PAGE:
The most trafficked blog post on WASHfunders in 2013 came from Jim Chu, CEO of dloHaiti. In his post, Jim calls for more private sector and business involvement in the provision of WASH services to ensure long term financial sustainability and reduce the incidence of WASH technologies that, once installed, break down and remained unfixed. He highlights the role that the philanthropic sector can play in supporting market-based innovations that can be adopted and scaled up by the private sector.
Leave a comment to let us know what WASH topics you would like to see covered in 2014. Interested in contributing a piece yourself? Contact us at email@example.com. Thanks for reading and Happy New Year!
Editor’s Note: This guest post was authored by Anirudh Rajashekar, business development manager at the World Toilet Organization (WTO). Founded in 2001, the WTO is an international platform for toilet associations, government, academic institutions, foundations, UN agencies and corporate stakeholders to exchange knowledge and leverage media and corporate support in an effort to influence governments to promote clean sanitation and public health policies. Anirudh discusses WTO’s approach to market-based solutions and public private partnerships in this post.
Developing innovative and sustainable market-based approaches to address the sanitation crisis is at the heart of what we do at the World Toilet Organization (WTO). By combining global expertise with local insights, WTO strives to facilitate capacity building, broader understanding and replication of sustainable sanitation solutions. WTO pioneered the creation of SaniShop — a social enterprise that improves sanitation conditions globally by empowering local entrepreneurs. Based on a “social franchise” model that involves training local masons in developing countries to build and sell toilets to their community, SaniShop is now implemented in a diverse range of regions — a marked progress from its humble beginnings in 2008.
WTO started its market-based approach in collaboration with the University of North Carolina, Lien Aid and IDE in Kampung Speu where it built close to 10,000 household latrines in 2010. In 2012, SaniShop Cambodia tested the market in 7 provinces and has since scaled up in Kampung Chnnang where it has trained close to 60 sales people and 15 SaniShop franchisees. In 2012, the SaniShop ecosystem built 1,800 toilets and we expect that this rate of toilet construction will be financially sustainable in the future in each province. The key value proposition of SaniShop is to create a market for sanitation where there previously is none by facilitating the sale and production of toilets with strict quality control standards and fixed affordable pricing. SaniShop has also begun working in Odisha, India and Vietnam since 2012. In Odisha, WTO collaborated with a social enterprise, eKutir; while in Vietnam, WTO has worked with a large multinational to establish Toilet Academies to train sales persons and masons.
SaniShop aims to restructure local sanitation marketplaces by encouraging the spirit of entrepreneurship among local communities. Entrepreneurs are able to build, produce and sell toilets to sustain their livelihoods; therefore, SaniShop is not only bridging sanitation gaps but also acts as a catalyst to better a community’s way of life.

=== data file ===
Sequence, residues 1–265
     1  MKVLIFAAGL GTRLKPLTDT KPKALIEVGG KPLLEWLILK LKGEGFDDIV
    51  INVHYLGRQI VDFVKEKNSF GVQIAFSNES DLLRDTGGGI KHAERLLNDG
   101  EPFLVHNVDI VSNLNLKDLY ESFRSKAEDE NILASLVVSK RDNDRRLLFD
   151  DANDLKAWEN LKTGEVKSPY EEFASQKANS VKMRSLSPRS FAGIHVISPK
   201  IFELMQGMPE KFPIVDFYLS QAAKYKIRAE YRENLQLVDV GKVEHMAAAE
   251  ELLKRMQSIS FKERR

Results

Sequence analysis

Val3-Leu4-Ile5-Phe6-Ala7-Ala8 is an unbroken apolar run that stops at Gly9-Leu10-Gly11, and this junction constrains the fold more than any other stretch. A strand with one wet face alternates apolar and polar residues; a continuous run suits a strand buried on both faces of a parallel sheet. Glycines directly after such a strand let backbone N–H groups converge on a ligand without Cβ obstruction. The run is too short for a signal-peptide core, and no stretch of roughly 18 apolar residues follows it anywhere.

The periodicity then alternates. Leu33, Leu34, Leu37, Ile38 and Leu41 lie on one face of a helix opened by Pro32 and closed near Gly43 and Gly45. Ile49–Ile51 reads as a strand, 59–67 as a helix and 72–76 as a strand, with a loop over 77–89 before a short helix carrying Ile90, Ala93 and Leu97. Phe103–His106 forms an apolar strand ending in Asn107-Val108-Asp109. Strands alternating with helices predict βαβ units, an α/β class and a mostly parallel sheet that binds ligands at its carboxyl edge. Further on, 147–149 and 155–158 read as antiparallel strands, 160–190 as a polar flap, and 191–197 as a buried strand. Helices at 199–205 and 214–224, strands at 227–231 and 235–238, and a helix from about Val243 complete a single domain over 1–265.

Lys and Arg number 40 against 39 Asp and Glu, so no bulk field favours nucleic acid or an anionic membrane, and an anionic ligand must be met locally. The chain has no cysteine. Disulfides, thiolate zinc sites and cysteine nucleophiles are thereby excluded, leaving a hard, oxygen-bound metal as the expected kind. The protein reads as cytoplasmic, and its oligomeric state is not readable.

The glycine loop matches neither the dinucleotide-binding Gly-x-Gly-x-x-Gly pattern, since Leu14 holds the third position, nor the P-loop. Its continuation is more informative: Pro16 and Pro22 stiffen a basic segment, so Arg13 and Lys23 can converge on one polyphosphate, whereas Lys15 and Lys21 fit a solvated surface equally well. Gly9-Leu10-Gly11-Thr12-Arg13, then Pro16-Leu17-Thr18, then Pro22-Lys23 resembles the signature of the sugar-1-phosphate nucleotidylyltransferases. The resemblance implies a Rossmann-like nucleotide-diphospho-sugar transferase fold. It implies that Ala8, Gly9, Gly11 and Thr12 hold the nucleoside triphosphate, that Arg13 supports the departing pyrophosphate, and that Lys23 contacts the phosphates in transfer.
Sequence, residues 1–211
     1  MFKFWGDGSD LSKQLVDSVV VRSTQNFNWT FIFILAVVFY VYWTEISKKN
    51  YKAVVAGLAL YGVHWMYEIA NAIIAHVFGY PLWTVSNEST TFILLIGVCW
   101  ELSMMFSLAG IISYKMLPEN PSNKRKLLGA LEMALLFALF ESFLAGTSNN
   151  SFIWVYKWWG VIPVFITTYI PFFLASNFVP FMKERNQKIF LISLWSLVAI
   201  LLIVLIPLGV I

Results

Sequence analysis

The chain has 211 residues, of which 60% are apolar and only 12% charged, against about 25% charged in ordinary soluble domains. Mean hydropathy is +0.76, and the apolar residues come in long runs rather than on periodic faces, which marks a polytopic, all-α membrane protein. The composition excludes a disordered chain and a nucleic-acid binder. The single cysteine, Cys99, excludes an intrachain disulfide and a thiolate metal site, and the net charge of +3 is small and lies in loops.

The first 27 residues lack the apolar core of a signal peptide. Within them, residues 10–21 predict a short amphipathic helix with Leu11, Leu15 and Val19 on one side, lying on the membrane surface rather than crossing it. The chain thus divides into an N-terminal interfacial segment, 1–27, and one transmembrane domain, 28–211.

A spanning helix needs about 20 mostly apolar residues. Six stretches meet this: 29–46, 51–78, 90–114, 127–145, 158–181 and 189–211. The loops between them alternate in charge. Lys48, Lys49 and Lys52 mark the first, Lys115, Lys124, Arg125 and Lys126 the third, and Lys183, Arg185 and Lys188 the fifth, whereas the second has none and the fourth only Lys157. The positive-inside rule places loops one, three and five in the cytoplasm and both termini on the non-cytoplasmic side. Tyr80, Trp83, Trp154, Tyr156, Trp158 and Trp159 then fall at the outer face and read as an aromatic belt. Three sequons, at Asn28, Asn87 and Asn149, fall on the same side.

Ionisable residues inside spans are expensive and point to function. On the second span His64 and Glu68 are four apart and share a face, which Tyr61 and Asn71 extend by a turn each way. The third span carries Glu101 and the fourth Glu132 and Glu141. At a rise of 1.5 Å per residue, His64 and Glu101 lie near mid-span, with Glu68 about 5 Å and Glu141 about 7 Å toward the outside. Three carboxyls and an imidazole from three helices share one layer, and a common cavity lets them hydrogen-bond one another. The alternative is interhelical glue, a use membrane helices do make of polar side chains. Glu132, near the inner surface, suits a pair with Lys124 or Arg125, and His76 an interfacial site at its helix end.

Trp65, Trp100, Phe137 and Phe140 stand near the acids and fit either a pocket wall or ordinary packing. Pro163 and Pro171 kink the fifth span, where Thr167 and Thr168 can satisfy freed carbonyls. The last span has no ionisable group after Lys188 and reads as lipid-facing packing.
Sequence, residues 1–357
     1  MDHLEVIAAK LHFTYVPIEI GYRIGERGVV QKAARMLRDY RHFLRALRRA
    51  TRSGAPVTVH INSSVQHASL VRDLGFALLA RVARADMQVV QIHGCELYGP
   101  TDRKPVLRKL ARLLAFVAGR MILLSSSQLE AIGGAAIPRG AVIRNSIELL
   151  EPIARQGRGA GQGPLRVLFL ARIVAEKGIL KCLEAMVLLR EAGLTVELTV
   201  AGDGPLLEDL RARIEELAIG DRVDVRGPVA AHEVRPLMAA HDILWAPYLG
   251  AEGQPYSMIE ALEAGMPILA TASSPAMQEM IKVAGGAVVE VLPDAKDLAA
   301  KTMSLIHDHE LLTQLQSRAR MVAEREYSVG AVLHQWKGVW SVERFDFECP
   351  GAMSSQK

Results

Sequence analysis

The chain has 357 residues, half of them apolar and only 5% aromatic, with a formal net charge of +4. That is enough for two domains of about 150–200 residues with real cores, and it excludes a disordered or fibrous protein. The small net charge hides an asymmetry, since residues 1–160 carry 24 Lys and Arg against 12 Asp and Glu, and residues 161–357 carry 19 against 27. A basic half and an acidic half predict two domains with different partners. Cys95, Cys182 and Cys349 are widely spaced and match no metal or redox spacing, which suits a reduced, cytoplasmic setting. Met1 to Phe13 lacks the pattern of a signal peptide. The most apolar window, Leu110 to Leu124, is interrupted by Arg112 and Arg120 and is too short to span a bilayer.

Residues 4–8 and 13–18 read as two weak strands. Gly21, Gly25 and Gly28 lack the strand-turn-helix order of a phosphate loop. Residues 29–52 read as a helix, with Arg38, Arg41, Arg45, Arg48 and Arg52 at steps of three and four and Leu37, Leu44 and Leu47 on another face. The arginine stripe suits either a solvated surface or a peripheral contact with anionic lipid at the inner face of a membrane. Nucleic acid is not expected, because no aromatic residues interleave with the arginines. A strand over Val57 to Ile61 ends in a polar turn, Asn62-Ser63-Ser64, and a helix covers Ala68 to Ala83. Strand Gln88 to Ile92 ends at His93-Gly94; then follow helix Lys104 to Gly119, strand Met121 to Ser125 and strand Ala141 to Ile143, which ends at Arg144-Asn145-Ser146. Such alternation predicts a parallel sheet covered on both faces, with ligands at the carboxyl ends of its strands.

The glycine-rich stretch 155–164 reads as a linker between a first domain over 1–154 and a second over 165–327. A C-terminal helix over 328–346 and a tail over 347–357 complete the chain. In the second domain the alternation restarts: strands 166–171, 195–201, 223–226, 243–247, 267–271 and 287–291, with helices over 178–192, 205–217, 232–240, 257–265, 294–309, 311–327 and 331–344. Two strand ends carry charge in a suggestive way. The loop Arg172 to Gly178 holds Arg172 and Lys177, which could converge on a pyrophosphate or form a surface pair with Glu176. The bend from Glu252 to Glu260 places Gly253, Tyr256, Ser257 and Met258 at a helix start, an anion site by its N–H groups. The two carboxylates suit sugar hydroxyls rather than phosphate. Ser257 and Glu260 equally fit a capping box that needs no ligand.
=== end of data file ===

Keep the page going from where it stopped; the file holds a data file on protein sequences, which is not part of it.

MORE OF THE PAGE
In addition to its SaniShop operations, WTO is currently embarking on two pivotal public-private partnerships to pilot school sanitation projects for communities in South Africa and Nigeria respectively. In South Africa, WTO is working with Unilever to establish the Domestos Toilet Academy (DTA) in KwaZulu Natal. This is the first program that aims to integrate delivery structure to a community by implementing awareness, capacity building and affordable sanitation technology in schools and communities. Currently at the pilot stage, WTO will be implementing a baseline study; this will then be combined with stakeholder analysis to form a basis for implementation and evaluation before replicating across South Africa. In Nigeria, WTO is working on a partnership with Tolaram Foundation (Singapore) to refurbish 4 school toilet buildings in Lagos, Nigeria. This will also include the implementation of health and hygiene programs; the success of these programs will be measured by monitoring and evaluating students’ hygiene habits, health and school attendance.
At WTO, we are constantly exploring new ways to reach out to the “toiletless” in sustainable ways. For example, WTO is currently researching new means of waste disposal and also new toilet designs that can tackle problematic terrain including areas with high water tables and areas with hard soil.
WTO has also undertaken a number of projects beyond its market-based model:
- Worked with the Lien Foundation to build 30 toilets in 2006 in Hambatotta and Galle, Sri Lanka. Trained 30,000 individuals in ecosan usage.
- Worked in Aceh, Indonesia following the tsunami after receiving a million dollar grant from the Singapore Red Cross in 2007. Built 7 community toilets in Banda Aceh and 6 in Meulaboh. Trainings for local engineers, contractors and architects were carried out in both cities to strengthen their capacity to design, construct and maintain sustainable sanitation systems in the future.
- Worked in Trichy, India with Scope to build 10 ecosan toilets.
- Worked with Lien Aid in Shanxi, China to build a school toilet block with the Chinese Environment Institute and the China Poverty Alleviation Association (CEEP).